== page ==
Does the United States Actually Torture People?

by Patrick Todd, past Editor-In-Chief

My personal definition of torture is anything that causes permanent or serious damage to the body. Examples would include cutting off parts of someones body. I would actually be a little less stringent than that and include stuff like pulling fingernails, breaking bones and electrocution that people would arguably fully recover from into the category of torture.

From a practical standpoint, it has been shown that when you induce massive amounts of pain, the recipient of torture will generally tell you what you want to hear and may not actually be true or useful. During the Cold War, Communist governments often would torture people into confessing crimes (being an enemy of the state, for example) whether or not that would actually be true. Now, if you are actually trying to ascertain whether this person did indeed commit the act for which he is being accused, a forced and possibly false confession is not useful.

The U.S. conducts interrogations generally in order to extract useful intelligence from an individual. Therefore, false or forced statements given under duress is not useful to us. This is why we don’t engage in torture. What the U.S. does do is place subjects of interrogation under significant psychological stress. What we want to do is get the person to crack and break through their mental firewalls that they put up to keep us from the information we want. If they aren’t thinking clearly they will have less resistance to telling us the information we want. This is why breaking down cultural foundations with techniques such as forced nudity, humiliation, and cultural desecration are useful and necessary techniques.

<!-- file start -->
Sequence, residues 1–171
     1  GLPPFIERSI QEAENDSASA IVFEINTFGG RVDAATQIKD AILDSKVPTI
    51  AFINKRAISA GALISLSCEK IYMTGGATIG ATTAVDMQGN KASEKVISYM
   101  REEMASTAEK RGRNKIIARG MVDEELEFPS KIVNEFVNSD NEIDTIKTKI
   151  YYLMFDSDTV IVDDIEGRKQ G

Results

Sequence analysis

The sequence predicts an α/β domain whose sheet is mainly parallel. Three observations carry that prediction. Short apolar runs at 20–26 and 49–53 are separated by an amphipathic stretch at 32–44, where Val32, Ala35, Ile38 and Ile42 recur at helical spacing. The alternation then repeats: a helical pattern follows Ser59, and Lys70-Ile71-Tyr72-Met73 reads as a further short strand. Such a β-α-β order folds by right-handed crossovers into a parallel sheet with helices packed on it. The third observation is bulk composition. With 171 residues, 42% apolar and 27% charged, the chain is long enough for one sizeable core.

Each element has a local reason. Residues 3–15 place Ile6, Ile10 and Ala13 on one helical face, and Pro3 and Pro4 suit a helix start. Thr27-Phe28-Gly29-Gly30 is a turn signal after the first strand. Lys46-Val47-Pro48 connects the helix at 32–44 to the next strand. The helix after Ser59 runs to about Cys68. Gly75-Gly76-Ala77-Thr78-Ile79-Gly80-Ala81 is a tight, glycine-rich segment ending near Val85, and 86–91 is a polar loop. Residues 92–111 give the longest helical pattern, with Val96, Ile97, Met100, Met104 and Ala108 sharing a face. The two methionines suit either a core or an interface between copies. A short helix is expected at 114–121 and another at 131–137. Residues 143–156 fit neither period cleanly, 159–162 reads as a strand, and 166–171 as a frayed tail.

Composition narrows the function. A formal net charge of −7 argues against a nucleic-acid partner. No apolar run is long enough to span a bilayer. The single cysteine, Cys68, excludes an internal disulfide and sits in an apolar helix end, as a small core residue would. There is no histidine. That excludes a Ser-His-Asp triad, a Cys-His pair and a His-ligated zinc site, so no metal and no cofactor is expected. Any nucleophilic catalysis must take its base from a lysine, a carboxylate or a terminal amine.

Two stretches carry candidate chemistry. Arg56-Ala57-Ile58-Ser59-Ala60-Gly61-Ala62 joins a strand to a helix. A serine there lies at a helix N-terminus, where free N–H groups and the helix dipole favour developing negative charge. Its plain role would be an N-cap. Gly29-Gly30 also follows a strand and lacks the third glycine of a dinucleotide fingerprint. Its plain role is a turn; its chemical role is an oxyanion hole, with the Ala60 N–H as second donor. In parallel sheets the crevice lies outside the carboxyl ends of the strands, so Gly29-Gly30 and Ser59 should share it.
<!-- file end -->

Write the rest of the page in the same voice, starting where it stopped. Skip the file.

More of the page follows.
It was reported that a lower level Taliban member gave up the locations of several higher level leaders when he was threatened with being buried alive with the remains of pigs. The U.S. Army used female soldiers to engage in simulated sexual acts at the Abu Ghraib prison (separate from the scandal incident) in order to enrage the prisoners. Interrogators have also desecrated the Koran in efforts to cause mental instability among the prisoners at camp X-Ray.

The other main part of the U.S. interrogation doctrine is the use of sleep deprivation, sensory deprivation, simulated drowning, stress positions, isolation, loud music and other techniques to break the people being interrogated of their mental barriers. These techniques have been highly successful in gaining useful and usable intelligence from detained people. A report released last week said that those very techniques were used to stop a plot to fly a plane into the Library Tower building in Los Angeles.

I think useful questions to ask (and my answers) are does the U.S. engage in torture? No. Should the U.S. engage in torture? No as well.

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